Northwestern University Feinberg School of Medicine
Center for Healthcare Studies

News and Announcements

Read the latest news from the Center for Healthcare Studies. The links below take you to articles where you can learn more about our faculty’s latest achievements, awards, and honors.


  • Dr. Elisa Gordon to be recognized by NU for NKFI Gift of Life Award
  • Dr. Alex Lo's editorial regarding ER department innovations picked up for publication

    Dr. Lo describes the upcoming publication:

    This article discussed the relatively new innovative approach to care for older adults with complex health care needs visiting the Emergency Department by using ED-based Observation Units to provide a more comprehensive assessment of their geriatric health concerns that may distinct from the reason they came to the ED but equally important in terms of their overall health trajectory.  The traditional ED model rarely allows enough time and resources to address these complex issues, but an interdisciplinary Observation Unit model jointly led by an emergency physician and a geriatrician has been successfully pioneered at The Ohio State University and provides the conceptual basis to positively impact population health.  However, the current insurance and reimbursement model often places an undue financial burden upon the patient because of particular Medicare reimbursement policies.  In order to make this clinically meaningful program benefit large numbers of patients, current hospital reimbursement and patient insurance coverage policies need to evolve.

  • Dr. Julie K. Johnson and New US-Netherlands Study Will Examine Patient-Doctor Collaboration

    New US-Netherlands Study Will Examine Patient-Doctor Collaboration

    RheLaunCh—Reframing Healthcare Services through the Lens of Co-Production—islaunched with support from the Robert Wood Johnson Foundation

    Minneapolis, MN, January 23, 2017

    —The Minneapolis Medical Research Foundation (MMRF) today launches a three-year study of patients in the United States and the Netherlands to examine co-production of healthcare and social services—whereby healthcare professionals, patients and their families work together to design, deliver, and assess the relationships and actions that contribute to the health of individuals and populations. The new study, known as “Reframing Healthcare Services through the Lens of Co-Production” (RheLaunCh), is supported by a $499,000.00 grant to MMRF from the Robert Wood Johnson Foundation (RWJF). A second grant from the Robert Wood Johnson Global Ideas Fund at CAF America was awarded to Radboud University Medical Center in the Netherlands.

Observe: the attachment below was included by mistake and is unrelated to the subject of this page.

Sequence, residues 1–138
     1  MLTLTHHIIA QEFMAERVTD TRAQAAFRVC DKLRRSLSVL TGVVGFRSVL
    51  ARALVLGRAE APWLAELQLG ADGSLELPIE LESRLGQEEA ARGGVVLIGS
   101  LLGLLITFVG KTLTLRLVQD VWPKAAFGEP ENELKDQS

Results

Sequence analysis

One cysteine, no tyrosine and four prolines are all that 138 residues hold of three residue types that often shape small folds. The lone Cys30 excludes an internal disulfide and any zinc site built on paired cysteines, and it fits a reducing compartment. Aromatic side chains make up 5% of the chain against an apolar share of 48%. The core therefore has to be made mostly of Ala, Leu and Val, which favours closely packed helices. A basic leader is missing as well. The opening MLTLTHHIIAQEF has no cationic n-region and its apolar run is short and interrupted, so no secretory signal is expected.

In recent years, both the United States and the Netherlands have implemented practices and programs to better nurture co-production of care, particularly among patients with chronic and complex health care needs. Focusing on patients with congestive heart failure (CHF) and chronic obstructive pulmonary disease (COPD), the RheLaunCh study will examine the degree to which patients are empowered to co-produce their care. The study will explore the mechanisms by which patients and providers co-produce healthcare and social services as together they seek better outcomes—including better health status, better patient experiences of care, better quality of life, and lower cost. 
    In addition, the study will assess health and social services in each country and their integration. Studies have shown that although the Netherlands spends less on healthcare and more on social care than the United States, the Netherlands achieves better outcomes for patients.  The RheLaunCh researchers hope that the study will yield significant insights into best practices that could help build a Culture of Health and meet the Institute for Healthcare Improvement’s Triple Aim of better health status, better patient experiences of care, and lower cost.
    The researchers will survey 200 patients to assess access to services, patient empowerment, and outcomes and produce a detailed demographic and clinical comparison of U.S. and Dutch national, regional and local health care and social service systems for patients with CHF and COPD.  Additionally, the researchers will develop 20 case studies (ten U.S. and ten Dutch) that illustrate people’s experiences of the co-production of healthcare and social services. 

    “As we work to build a Culture of Health in the United States, we can learn from our colleagues abroad who also are striving to improve the health of their citizens,” said Laura C. Leviton, Senior Adviser for Evaluation at the Robert Wood Johnson Foundation. “We’re intentionally looking to countries like the Netherlands to see what we might learn from their efforts to build patient engagement. RheLaunCh will provide great insight into the barriers, opportunities, and strategies for improving co-production of care for both of our nations.”

    The Co-Principal Investigators for the United States study arm are Bradley A. Bart, MD, Chief, Cardiology, Hennepin County Medical Center (HCMC), and Julie K. Johnson, MSPH, PhD, Northwestern University Hospital. Other senior U.S. investigators are Brita Roy, MD, MPH, Yale University School of Medicine, Michelle Carlson, MD, HCMC, Paul B. Batalden, MD., Professor Emeritus, Dartmouth College, and Syl Jones, Narrative Medicine Fellow, HCMC.
    The Minneapolis Medical Research Foundation (MMRF) is a subsidiary of Hennepin Healthcare System, Inc., and operates as the research arm of Hennepin County Medical Center.



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